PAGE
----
Rule would set guidelines for new drilling sites

New rules tentatively approved Wednesday would require energy companies in four western Colorado counties to receive state approval for new oil and gas operation sites.

The approvals would be required in addition to permits already needed to drill individual wells, according to rules given an initial OK by the Colorado Oil and Gas Conservation Commission.

The new requirement would apply to Garfield, Mesa, Rio Blanco and Gunnison counties. The commission agreed to add Gunnison to the list upon the request of that county, and following the urging by oil and gas commissioner Tresi Houpt, also a Garfield County commissioner.

“I think we truly need to look at (geological basins) instead of counties. Activity is going to travel. I know there are other counties in the … Piceance Basin who would want to be involved in this process as well,” Houpt said.

Commission staff initially had suggested having the new requirement apply to the entire Piceance Basin, centered in northwest Colorado, but its draft proposal reduced the applicable area to just three counties.

However, detailed information about new sites would have to be provided for operations throughout the state, even if approval wouldn’t be required everywhere.

The new site approvals would apply at the well pad, rather than single-well, level, in a region where dozens of wells sometimes are drilled directionally from a single pad.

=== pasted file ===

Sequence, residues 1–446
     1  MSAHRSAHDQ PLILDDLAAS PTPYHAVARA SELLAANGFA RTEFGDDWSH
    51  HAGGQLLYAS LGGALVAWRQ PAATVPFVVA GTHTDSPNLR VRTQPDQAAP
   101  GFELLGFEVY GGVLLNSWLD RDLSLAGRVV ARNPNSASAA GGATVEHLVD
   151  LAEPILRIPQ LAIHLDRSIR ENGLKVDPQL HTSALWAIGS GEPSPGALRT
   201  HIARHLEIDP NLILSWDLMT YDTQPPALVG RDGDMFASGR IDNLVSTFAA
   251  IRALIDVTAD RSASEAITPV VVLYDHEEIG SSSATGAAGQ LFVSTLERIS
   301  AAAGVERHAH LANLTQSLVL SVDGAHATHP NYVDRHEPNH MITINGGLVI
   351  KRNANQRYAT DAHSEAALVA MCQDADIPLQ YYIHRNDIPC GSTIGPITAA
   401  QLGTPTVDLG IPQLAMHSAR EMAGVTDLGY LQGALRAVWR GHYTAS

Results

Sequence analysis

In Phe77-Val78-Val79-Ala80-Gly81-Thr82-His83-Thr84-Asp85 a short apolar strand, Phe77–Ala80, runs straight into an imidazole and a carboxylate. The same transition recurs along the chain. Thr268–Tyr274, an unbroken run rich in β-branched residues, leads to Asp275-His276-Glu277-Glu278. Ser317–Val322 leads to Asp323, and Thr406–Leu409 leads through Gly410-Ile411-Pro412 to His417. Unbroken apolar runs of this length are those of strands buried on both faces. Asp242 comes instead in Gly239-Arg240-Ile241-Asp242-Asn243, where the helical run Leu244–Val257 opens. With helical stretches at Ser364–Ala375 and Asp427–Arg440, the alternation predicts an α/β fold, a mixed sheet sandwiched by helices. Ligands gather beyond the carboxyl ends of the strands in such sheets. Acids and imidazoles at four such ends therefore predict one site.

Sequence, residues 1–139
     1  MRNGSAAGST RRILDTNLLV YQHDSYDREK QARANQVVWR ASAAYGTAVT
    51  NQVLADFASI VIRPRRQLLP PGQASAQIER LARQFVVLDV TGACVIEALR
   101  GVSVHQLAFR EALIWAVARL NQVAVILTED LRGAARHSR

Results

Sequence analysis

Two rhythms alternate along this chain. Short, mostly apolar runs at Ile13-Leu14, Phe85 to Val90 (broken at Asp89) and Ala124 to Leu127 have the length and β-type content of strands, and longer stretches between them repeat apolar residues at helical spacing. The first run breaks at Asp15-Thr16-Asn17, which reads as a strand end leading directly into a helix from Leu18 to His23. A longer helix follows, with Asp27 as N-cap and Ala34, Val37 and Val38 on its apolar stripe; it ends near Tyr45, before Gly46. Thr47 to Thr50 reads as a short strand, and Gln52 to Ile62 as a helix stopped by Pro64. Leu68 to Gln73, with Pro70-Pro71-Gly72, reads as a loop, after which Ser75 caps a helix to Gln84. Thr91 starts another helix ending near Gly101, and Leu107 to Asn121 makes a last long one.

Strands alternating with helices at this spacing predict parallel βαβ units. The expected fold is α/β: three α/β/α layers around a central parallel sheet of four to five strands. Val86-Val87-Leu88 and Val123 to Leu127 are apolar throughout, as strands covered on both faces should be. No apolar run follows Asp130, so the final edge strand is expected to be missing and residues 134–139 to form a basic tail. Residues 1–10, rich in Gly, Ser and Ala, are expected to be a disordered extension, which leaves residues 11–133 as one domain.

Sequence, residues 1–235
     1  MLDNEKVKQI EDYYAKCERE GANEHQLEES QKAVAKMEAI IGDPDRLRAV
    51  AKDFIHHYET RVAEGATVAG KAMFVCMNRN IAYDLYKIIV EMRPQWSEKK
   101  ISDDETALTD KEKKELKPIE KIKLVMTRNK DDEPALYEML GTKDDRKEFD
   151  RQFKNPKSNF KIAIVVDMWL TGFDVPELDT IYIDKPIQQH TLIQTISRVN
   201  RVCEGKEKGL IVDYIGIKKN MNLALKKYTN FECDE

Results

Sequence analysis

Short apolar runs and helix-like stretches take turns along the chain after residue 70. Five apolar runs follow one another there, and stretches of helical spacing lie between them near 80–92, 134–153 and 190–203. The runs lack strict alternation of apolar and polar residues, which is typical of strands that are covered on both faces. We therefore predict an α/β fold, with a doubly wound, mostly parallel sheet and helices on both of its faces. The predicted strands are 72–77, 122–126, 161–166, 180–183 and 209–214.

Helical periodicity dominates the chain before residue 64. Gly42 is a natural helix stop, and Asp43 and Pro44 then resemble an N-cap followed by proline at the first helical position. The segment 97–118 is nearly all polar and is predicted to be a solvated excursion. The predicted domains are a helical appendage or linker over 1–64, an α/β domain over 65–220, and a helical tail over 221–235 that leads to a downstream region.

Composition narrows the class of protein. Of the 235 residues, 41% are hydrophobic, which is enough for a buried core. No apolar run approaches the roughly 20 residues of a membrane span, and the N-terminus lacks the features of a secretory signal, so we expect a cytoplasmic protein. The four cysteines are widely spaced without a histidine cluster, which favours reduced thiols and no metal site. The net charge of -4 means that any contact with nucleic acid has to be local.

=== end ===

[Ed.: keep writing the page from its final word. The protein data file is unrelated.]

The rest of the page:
The commission is in the middle of deliberations on a wide-ranging rewrite of its regulations. Those deliberations are scheduled to resume today. It has been provisionally approving various regulations in anticipation of casting a final vote later.

In other action Wednesday, the commission supported generally waiving most drilling reclamation rules in cases in which surface owners have reached their own reclamation agreements with energy companies. The commission declined to disallow such waivers even when there are significant adverse impacts to wildlife.

Commissioners said the issue was a matter of protecting private-property rights, and the Colorado Division of Wildlife supported the waiver.

Also Wednesday, Commissioner Rich Alward of Grand Junction voiced disappointment that the issue of interim reclamation of oil and gas operations won’t be addressed until next year, when a stakeholder group studies it. Alward said the commission is failing to act as fast as is required to abide by a law mandating that reclamation standards be improved for the sake of wildlife.

“I think we’ve fallen gravely short of the language there,” said Alward, who works professionally in the reclamation field.


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